How We Google About Emma Watson

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When Harry Potter was named the boy who lived, the only wizard whom Voldemort’s spell could not break, few were then wondering whether there would be life at all for the whole cast of the franchise once the blood-splattered rivalry with death-eaters is over.

Today, the cast member that has grossed the biggest fortune outside the franchise is not the boy who lived but the girl, Emma Watson. UN speaker. Co-star with Tom Hanks. Even Belle from Disney. How can we explain Emma Watson’s transformation after Harry Potter? What do Americans and British see in her today and how is her image currently being constructed?

The main tool for research I have used is Google Trends, a search engine that allows researchers to evaluate the behavior of digital users. When are we most Googling about Emma Watson and why?

I — Mudblood Granger, Royal Blood Watson

Unwittingly, the first part of my research into Emma Watson ended up focusing on her regal allure. Typing on Google the search terms ‘emma watson and…’, I was proposed by the engine’s algorithm several co-actors such as Daniel Radcliff and Tom Hanks — but a more interesting guess was Prince Harry.

A brief search concluded that rumors had risen in 2015 around a potential romantic relationship between the Harry Potter alumni and the Duke of Sussex — gossip the CNN eventually played down after reporting on a decisive tweet by the actress on the issue.

A myriad of photo collages of the two public figures nevertheless surfaced online, a match that may not surprise Harry Potter fans in particular. If some of them were disappointed that the brilliant and beautiful Hermione Granger ended up with commoner Mr. Weasley instead of his wealthy and more famous counterpart Harry Potter, the Prince Harry rumors would have surely finally provided the bright witch with her prince in shining armor — who often ends up bewitched by the nerdy girl in the library anyway.

Further research into Watson’s relationship with the royal family has however revealed that digital users and the media alike may not necessarily find in Emma Watson a mere contender or extension to royal blood — there is something royal about her allure as well.

In 2018, Elle magazine released an article entitled “Meghan Markle and Emma Watson Twin at Wimbledon.” Google Images is also filled with collages of the two actresses, who seem to share more than their respective humanitarian work.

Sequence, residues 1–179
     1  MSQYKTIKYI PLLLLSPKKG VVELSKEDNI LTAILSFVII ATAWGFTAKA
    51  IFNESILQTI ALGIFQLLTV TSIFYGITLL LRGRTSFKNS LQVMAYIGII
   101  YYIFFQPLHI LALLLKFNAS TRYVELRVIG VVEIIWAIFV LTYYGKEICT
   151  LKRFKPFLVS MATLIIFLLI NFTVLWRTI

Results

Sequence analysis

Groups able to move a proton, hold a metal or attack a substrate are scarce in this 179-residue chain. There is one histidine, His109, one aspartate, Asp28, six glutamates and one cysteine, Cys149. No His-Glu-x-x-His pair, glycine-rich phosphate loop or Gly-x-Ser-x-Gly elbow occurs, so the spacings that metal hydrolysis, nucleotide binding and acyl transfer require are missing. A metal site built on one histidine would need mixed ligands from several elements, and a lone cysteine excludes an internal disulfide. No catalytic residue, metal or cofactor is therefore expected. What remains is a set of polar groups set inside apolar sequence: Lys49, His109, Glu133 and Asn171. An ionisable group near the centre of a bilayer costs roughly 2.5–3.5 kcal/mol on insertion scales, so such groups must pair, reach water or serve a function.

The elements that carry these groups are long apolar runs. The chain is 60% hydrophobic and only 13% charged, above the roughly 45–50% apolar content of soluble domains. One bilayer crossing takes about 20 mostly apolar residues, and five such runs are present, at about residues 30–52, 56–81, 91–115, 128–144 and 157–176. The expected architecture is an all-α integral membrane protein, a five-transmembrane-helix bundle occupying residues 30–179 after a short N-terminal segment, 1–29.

According to Google Trends, users googling ‘emma watson and meghan markle’ mostly originate from the US and the UK — Canadians, particularly, were less interested in the match, despite the One Young World summit in Ottawa that had first reunited and rewarded the two actresses-turned-activists in 2017.

This may be in part because of the change of narrative around the duo. Whereas the two may have been tipped to becoming an Angelina Jolie figure, the humane actress who can undoubtedly be imagined in some grimy African wilderness picture on a volunteering mission, both Markle and Watson may now be following the footsteps of a more sanitized humanitarianism; a Princess Diana figure, whom the world doesn’t mind seeing venture into a dangerous, landmine-filled world as long as they keep their elegant white gloves on.

It is also worth noting that the currency of this royal exchange seems to exclusively clock between pound and dollar — more Americans on average were interested in the search term ‘emma watson and prince harry’ than Canadians or Australians and though British users in general surpass Americans, which is understandable, the number of Americans googling about a double British match is nevertheless impressive.

The specific interest of America in Emma Watson’s regal image can be further argued with another search term that Google’s algorithm has suggested: ‘emma watson tattoo.’ Most of the links listed on Google for this search originate from the UK: BBC, Sky, Independent, even Elle’s UK website.

Transposed onto Google Trends, the interest in Emma Watson’s tattoo is very popular in several countries — all the big English speaking countries are in the top 10 states that have googled this term, with the top 5 including New Zealand (1st), Australia (3rd) and the UK (4th). Ireland was ranked 6th and Canada 8th — which leaves an unlikely country behind, the United States (10th).

The fact that Emma Watson’s tattoo is less interesting to Americans than the rest of the world is telling — especially since the tattoo itself came in the context of the Oscars and the Me Too movement.

It may not be Emma Watson’s activism and the meaning of the tattoo that turns off an American audience, for they have grandly welcomed this bold trait from the actress, but it may perhaps be the tattoo itself that bothers them; ink on skin that isn’t as easily washed off in America given its construction of Emma Watson’s image.

Elegant and royal, a book-smart ‘lady’ that snubbed the tattooed jock in Hogwarts because she followed her heart for a common but kind-hearted and un-tattooed Ron Weasley — this must be Emma Watson; a rebel, granted, with her short hair, but a classy ‘petite dame’ rebel at least, not a short-haired ‘Kristen Stewart’ rebel with a questionable sexuality.

II — British Enough, American Enough

The second half of my research focused on the constructed national identity of Emma Watson — an elusive label that can be argued on several fronts. The search ‘emma watson accent’ is fairly popular on Google, powered by appearances on MTV and David Letterman in which the British actress demonstrated how American her tongue can be. Two of her films ‘Perks of Being a Wallflower’ and ‘Regression’ have seen her use that American accent.